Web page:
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What You Need to Know about Exposure Claims

September 07, 2017 Sarita Shipe

Workers' Compensation

Exposure claims are very complex and raise many questions for employers. When reporting a claim that you or your employee may think is an exposure to a communicable disease, first you must understand what an exposure really is and when it is compensable.

What constitutes exposure?

The Texas Health and Safety Code defines a communicable disease as “an illness that occurs through the transmission of an infectious agent or its toxic products from a reservoir to a susceptible host, either directly, as from an infected person or animal, or indirectly through an intermediate plant or animal host, a vector, or the inanimate environment.”

Reportable communicable diseases include:

  • Acquired immune deficiency syndrome (AIDS);
  • Botulism--adult and infant;
  • Cholera;
  • Encephalitis;
  • Lyme disease;
  • Malaria;
  • Measles;
  • Meningitis;
  • Tetanus;
  • Tuberculosis;
  • Yellow fever, and many more.

Given the definition, many workers’ compensation first reports of injury claiming exposure are not really a true exposure to a communicable disease. For example, a rowdy student spitting on a special education teacher may not constitute a true exposure by itself. However, if the student has a confirmed diagnosis of viral hepatitis and the teacher has been in contact with any of the student’s bodily fluid that contains blood, then true exposure has occurred.

When is a claim compensable?

If an exposure is not considered an injury that has resulted in actual damage or harm to the body, the claim will initially be denied. In the event that the exposure does result in the manifestation of the communicable disease in the employee, the exposure will then become an injury and the claim will then become compensable.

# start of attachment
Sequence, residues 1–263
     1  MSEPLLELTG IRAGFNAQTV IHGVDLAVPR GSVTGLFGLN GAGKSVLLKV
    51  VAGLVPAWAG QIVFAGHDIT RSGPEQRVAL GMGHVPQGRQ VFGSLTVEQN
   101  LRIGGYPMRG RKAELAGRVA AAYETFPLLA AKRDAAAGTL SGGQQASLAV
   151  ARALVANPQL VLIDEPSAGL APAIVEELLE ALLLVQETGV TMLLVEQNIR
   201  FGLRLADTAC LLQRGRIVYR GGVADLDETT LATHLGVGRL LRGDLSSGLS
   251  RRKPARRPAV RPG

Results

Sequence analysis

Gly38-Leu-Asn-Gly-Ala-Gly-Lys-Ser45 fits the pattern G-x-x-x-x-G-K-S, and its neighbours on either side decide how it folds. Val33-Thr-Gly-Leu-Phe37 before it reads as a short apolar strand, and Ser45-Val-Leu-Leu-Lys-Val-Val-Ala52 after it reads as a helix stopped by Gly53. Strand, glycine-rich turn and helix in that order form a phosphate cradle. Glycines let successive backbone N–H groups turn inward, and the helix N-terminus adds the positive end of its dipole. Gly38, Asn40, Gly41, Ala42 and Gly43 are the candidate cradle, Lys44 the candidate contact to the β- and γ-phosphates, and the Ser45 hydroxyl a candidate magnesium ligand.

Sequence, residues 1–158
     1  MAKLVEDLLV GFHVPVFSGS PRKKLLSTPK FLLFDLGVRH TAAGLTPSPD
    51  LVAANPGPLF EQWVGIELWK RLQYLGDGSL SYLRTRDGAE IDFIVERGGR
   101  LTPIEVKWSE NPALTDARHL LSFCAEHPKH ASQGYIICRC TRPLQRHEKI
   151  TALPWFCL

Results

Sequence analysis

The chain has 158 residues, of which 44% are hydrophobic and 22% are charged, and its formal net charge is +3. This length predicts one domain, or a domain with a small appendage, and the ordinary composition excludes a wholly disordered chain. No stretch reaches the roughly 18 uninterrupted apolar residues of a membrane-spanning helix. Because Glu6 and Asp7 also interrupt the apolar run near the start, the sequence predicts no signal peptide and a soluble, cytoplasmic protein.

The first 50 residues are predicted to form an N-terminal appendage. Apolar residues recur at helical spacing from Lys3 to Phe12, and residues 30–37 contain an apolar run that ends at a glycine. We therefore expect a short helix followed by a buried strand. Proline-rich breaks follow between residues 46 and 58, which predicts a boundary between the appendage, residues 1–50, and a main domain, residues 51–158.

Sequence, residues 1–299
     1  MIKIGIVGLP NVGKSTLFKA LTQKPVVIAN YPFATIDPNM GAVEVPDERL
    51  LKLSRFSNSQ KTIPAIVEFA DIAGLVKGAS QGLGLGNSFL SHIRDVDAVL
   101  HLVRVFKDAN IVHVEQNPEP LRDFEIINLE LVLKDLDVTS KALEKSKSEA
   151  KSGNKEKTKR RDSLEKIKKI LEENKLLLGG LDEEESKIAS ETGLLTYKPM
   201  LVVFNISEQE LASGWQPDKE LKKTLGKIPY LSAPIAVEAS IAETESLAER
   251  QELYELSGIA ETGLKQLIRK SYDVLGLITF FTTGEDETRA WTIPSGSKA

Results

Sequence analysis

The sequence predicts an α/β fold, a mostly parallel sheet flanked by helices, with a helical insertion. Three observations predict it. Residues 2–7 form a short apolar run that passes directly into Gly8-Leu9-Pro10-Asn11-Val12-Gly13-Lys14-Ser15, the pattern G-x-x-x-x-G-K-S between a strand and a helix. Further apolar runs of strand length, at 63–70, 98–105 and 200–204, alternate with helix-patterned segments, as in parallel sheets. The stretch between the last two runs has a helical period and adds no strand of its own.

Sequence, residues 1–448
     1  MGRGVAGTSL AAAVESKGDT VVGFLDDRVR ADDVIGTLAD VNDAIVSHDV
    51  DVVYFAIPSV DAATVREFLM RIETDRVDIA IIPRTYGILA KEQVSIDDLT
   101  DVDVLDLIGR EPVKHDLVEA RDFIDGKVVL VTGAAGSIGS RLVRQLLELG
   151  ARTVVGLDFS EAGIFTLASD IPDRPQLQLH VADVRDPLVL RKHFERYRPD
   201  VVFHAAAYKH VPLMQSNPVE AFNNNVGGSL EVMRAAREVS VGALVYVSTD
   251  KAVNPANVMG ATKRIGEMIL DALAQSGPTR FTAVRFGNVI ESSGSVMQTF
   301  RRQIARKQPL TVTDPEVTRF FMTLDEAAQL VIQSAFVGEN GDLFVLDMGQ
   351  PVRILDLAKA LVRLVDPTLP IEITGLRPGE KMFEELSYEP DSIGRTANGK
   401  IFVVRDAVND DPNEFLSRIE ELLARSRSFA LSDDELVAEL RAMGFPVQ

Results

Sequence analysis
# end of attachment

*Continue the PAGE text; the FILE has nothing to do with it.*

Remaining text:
According to the guidelines outlined by the Division of Workers’ Compensation Rule 122.3, for an exposure claim to be compensable, the employee must provide a sworn affidavit of the date and circumstances of the exposure. A blood test must also be performed within 10 days of the exposure, which shall be paid for by the carrier, and must have a negative result. The employee must also provide you with a copy of the result. The purpose of testing in this particular timeframe ensures that the employee was free of the disease prior to the exposure. If a follow-up test shows a positive result, then the exposure converts to an actual injury within the course and scope of employment.

Editor's note: This article was originally published in June 2011 and has been updated for accuracy and comprehensiveness.

Tagged: claims